The gig economy is now a force to be reckoned with. As the data comes in, it is becoming more and more apparent that American workers are throwing off the shackles of traditional employment in favor of contract work. And while the gig economy may be a very good thing for independent-minded workers, it is turning out to be a bad thing for the IRS. Bloomberg reports that the growth in contract work is negatively affecting IRS revenue collections.
According to Bloomberg’s Michael Trimarchi, upwards of 34% of America’s gig workers have no idea they may be required to pay quarterly estimated taxes. If they are not paying those taxes, the IRS is not getting the regular revenue it needs. Furthermore, gig workers apparently aren’t setting aside money to pay their taxes on time. This further disrupts the government revenue flow.
Trimarchi says that better IRS outreach could help solve their problem. Whether that is true or not is a matter of debate. One thing we can say is that gig workers still have to pay their taxes on time. Ignorance is no excuse when the IRS comes knocking. Therefore, it is incumbent upon gig workers to understand tax law and to make sure they adhere to it.
The Growth of Gig Work
To understand just how the gig economy is affecting the IRS, it might be helpful to better understand the growth of this unique sector of U.S. employment. Check out the following statistics from Jobble:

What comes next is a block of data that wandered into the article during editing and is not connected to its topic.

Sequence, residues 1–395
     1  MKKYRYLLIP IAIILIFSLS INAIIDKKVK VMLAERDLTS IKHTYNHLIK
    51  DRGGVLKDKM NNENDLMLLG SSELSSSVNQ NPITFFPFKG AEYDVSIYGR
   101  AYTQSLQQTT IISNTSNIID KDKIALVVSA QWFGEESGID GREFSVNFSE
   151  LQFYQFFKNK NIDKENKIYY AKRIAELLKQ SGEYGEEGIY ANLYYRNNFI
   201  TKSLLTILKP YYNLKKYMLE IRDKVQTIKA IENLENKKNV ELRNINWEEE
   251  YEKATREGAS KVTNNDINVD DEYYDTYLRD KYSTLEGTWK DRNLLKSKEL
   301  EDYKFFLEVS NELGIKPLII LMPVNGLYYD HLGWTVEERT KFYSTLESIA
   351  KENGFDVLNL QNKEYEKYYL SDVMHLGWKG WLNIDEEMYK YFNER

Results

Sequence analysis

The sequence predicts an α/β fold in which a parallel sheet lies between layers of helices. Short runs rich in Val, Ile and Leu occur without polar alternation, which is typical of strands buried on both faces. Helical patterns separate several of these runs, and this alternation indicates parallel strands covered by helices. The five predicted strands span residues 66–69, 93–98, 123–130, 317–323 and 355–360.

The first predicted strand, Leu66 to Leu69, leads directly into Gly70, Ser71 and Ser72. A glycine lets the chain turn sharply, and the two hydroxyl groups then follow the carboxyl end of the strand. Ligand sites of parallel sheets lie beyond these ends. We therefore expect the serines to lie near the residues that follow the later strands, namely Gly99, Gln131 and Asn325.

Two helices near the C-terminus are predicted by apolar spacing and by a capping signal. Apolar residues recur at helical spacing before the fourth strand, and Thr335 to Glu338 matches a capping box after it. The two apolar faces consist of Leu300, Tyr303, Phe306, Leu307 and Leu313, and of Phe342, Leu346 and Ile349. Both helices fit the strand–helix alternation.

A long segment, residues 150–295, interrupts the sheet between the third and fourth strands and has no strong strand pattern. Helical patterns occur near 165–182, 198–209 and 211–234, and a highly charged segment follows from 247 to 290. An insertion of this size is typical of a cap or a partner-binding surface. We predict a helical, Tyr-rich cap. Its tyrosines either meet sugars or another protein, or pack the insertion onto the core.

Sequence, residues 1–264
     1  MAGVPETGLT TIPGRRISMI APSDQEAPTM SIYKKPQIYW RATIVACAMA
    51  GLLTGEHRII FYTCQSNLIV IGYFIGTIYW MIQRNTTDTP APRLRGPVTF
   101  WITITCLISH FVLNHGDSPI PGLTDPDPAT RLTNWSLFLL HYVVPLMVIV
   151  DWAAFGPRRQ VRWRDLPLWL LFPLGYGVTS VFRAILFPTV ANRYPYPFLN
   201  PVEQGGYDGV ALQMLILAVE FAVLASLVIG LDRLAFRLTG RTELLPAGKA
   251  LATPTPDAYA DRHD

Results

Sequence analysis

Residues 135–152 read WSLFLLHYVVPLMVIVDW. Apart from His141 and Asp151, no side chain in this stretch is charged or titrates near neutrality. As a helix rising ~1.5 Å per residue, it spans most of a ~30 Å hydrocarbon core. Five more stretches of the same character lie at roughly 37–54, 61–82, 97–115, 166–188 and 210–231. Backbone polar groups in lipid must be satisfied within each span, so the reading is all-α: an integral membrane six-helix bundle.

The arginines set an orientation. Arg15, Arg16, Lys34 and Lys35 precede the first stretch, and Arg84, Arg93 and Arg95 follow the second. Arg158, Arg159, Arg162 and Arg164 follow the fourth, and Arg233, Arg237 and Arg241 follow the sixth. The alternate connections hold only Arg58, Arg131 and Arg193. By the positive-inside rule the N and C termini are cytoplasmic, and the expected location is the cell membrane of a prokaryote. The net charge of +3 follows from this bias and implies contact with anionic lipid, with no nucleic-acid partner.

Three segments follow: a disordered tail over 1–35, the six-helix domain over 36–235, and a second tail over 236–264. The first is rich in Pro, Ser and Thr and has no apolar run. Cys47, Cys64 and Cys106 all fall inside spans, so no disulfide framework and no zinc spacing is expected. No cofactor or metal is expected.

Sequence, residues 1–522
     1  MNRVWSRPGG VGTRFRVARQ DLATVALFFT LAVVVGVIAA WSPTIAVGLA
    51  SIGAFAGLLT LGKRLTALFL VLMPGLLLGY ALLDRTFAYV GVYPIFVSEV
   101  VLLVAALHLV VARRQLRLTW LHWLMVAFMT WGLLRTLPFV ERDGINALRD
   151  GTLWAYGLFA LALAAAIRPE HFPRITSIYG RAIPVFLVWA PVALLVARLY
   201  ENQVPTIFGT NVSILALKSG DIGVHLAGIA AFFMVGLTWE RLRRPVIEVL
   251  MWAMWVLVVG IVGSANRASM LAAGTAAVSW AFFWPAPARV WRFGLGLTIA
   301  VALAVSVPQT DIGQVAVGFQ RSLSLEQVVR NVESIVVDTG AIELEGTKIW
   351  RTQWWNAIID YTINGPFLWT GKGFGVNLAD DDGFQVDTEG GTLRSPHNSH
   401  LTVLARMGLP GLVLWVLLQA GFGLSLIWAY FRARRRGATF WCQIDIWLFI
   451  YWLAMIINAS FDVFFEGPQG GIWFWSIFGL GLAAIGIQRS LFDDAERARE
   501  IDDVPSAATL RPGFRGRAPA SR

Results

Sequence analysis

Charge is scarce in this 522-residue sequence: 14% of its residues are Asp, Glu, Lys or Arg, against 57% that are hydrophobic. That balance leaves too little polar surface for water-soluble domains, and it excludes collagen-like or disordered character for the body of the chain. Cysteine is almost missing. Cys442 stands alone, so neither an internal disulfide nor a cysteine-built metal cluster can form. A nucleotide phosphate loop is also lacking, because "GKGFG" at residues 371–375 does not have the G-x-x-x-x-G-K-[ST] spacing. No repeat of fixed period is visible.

- 34% of the U.S. workforce is somehow involved in freelance gig work
- 24% of American workers earn money from a digital gig platform
- 60% of American workers view gig work positively
- There are 21.1 million independent contractors in America
- The gig economy adds some $715 billion to the economy annually
- The number of 1099s being issued has grown 22% since 2000 while the number of W-2s has stalled.
These statistics represent the just tip of the gig economy’s iceberg of good news. The data also shows that gig workers are earning more than they did in the past; they are enjoying the benefits of a more flexible schedule; they are happier in their work than they were while traditionally employed.
Problems at the IRS
If the IRS is not openly hostile to gig work, they at least understand that it makes more work for them. The reality is that the gig economy does more than just reduce government revenue streams. It also creates more administrative and enforcement responsibilities for the IRS.
Let’s say a local company employs 100 people making widgets. Imagine if 34% of those people left in order to pursue gig-related work. The IRS would still have the widget company’s tax compliance to worry about. But it would also have an additional 34 self-employed contractors to keep track of.
For the IRS, the gig economy is more than just lost revenue and payroll taxes, explains BenefitMall. It is about enforcing tax laws that self-employed contractors are frequently ignorant of. This increases the cost of doing business at the IRS. And with government budgets being slashed, Washington’s tax collecting arm is just not keeping up with it all.
BenefitMall reminds companies that use gig workers to be mindful of the tax implications of doing so. There is a fine line between independent contractor and traditional employee, a line the IRS does not even know how to walk at times. Companies thinking about bringing on more contractors in favor of new employees should speak with their payroll providers or tax advisers before proceeding.